Facebook: Connecting People in Times of Crisis - Facebookistan Week

ADDITIONAL CONTRIBUTORS BTR Editorial

Screenshot of Facebook’s Global Disaster Relief page. Screenshot copyright and trademarked by Facebook, 2012.

Written by: Margaret Jacobi

Facebook’s pervasive role in our culture allows the website to substantially influence a generation’s way of relating to each other and the world. Though what makes the site so popular is also what propagates its success. The virtual snowball of users it represents now stands on the global bandwagon-side of exclusivity, as evidenced by its total triumph over competitors. After all, what’s the point in being connected if you’re not going to connect with nearly one seventh of the world’s population? The site’s recent announcement of over 900 million users grants it monopoly status among other social networks, which can always be dangerous.

But just as Facebook is changing the way we connect casually, it also functions as a tool for simplifying how we reach one another in times of crisis. After years of grassroots relief efforts founding individual Facebook group pages, Facebook and disaster relief agencies have spent the last year exploring new ways to improve humanitarian efforts in emergency situations.

With this in mind, Facebook launched a two-day test run of a Disaster Relief Board in Japan last February, almost a year after the devastating tsunami that nearly crippled the country. Because phone networks are usually overwhelmed in times of crisis, the message board aimed to provide a more immediate and expansive way to let loved ones know when individuals are safe.

One of the key features tested by the board was the “safe” tag button, a function that reduced panic by informing friends and family that whoever is tagged is no longer in danger. Through that function, users could also confirm the safety of others who may or may not have access to the internet. This could be especially helpful for those whose family might be far away but for now, the feature is only offered in Japan and only functions during emergencies.

Facebook also launched a central information portal called the Global Disaster Relief on Facebook page in 2010 following the tragic earthquake in Haiti earlier that year. The information page for the board explains that it was created to employ the “internet’s critical role” in connecting people during times of crisis.

“We want Disaster Relief on Facebook to serve as a collaborative resource for individuals, non-profits, governments, and industry to raise awareness for those in need around the world,” reads the page. “We’re inviting relief organizations to be part of this effort so they can further highlight their needs during times of crisis. Most importantly, we hope all of you will join us by becoming a fan of Disaster Relief on Facebook and by continuing to support relief efforts along with your friends.”

The collaboration referenced above surpasses the Global Disaster Relief Page as Facebook executives have also convened with disaster relief agencies in the past for workgroups to discuss how the site can most effectively be utilized during times of crisis. Essentially asking, “How can we help?” one such conference took place last June in Palo Alto, Ca., and included members from the Federal Emergency Management Agency, the California Emergency Management Agency, and the American Red Cross. One of the topics discussed was a possible Facebook application dedicated to disaster relief.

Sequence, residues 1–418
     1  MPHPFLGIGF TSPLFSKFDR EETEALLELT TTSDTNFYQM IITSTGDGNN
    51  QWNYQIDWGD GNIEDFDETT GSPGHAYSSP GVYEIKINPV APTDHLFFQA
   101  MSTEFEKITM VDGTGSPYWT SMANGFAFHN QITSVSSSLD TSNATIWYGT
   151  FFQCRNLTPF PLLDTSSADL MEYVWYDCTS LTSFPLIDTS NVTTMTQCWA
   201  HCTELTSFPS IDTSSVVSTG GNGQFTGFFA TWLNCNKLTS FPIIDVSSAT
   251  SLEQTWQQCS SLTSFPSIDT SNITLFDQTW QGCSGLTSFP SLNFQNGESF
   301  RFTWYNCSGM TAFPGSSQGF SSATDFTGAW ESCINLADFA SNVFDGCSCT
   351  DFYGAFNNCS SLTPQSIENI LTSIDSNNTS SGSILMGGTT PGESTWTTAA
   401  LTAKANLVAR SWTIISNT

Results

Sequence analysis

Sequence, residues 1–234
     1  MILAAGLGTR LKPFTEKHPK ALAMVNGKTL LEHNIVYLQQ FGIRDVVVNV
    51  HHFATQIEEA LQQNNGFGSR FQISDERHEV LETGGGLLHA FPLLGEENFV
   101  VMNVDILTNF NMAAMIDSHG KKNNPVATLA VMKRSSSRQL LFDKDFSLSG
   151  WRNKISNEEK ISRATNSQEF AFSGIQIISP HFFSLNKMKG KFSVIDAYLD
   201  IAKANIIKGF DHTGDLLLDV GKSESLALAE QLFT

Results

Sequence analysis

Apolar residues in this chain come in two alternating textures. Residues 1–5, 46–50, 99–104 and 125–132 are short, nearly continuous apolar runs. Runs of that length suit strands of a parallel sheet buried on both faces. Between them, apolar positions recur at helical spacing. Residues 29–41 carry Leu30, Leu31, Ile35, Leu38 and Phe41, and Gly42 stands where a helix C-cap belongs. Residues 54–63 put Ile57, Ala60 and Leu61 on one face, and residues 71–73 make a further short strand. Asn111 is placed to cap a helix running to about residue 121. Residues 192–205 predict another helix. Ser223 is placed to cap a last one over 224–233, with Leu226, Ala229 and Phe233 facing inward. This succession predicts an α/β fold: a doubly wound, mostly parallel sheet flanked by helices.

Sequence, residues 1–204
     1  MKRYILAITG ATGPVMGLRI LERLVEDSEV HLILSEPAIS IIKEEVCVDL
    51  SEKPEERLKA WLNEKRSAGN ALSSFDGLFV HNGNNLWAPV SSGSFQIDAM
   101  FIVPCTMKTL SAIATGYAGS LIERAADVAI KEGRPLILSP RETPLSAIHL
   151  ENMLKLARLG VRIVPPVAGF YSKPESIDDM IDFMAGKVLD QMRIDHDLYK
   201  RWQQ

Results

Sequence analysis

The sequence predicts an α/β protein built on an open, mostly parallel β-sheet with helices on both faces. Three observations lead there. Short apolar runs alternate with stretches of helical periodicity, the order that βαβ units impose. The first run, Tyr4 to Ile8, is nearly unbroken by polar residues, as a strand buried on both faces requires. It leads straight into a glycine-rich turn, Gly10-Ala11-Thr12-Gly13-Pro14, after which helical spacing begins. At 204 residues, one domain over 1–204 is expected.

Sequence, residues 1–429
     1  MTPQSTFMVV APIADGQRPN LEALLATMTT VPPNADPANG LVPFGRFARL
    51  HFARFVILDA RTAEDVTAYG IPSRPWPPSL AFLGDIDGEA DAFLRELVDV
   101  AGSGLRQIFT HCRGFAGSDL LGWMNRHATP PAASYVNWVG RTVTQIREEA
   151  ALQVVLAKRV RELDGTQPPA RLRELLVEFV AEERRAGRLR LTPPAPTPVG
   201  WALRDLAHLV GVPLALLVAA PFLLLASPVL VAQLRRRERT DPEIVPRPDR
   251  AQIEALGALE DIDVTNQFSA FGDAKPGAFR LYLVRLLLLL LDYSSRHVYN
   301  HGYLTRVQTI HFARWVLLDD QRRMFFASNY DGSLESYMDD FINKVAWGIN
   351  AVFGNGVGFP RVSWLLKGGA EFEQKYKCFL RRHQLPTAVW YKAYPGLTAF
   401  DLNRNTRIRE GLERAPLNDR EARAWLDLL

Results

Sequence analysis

Outside of the umbrella of actual Facebook developers, relief agencies have started to create a presence on social media and Facebook of their own. FEMA, the American Red Cross, the National Weather Service, and many states, including New York, now have their own disaster relief pages.

“Facebook is an extremely popular platform that people use to communicate with each other and with businesses and organizations nowadays,” says Gloria Huang, Senior Social Engagement Specialist for the American Red Cross.

“This means that during times of disaster, it is a way to get information about how communities are affected by the disaster. It’s also a way for communities to come together and recover after disasters.”

According to Huang, the organization employs Facebook to help users effectively get or give help in emergencies, donate or receive blood, take health and safety courses, and prepare for disasters.

“We also try to interact as much as possible with our Facebook audiences – answering their questions and helping them directly through Facebook,” says Huang.

The results of last year’s annual personal survey by the American Red Cross concluded that one in four of those surveyed online would try to use an online channel for help, nearly another fourth of a phone survey said they would use social media to let loved ones know they are safe, and a third of overall respondents would expect in doing so that help to arrive in less than an hour. This broad support of internet resources suggests how valuable Facebook might be in aiding people enduring tragedy.

Though, one of the most inspiring recent examples regarding Facebook and disaster relief was the reuniting of people with lost memorabilia following the devastating tornadoes in Alabama last year. The Pictures and Documents found after the April 27, 2011 Tornadoes Facebook page was created shortly after the disaster. Now with 97,895 likes, the page’s popularity skyrocketed immediately, receiving 19,000 “likes” the day following its conception. It displayed over 150 images of found items, such as childhood blankets, mortgage documents, and ultrasounds in an effort to reunite people with valued possessions they lost in the crisis.

So while Facebook remains controversial, perhaps yielding too much power over private information, its service as a vital tool to modernize disaster relief and putting people over profit can be redeeming.

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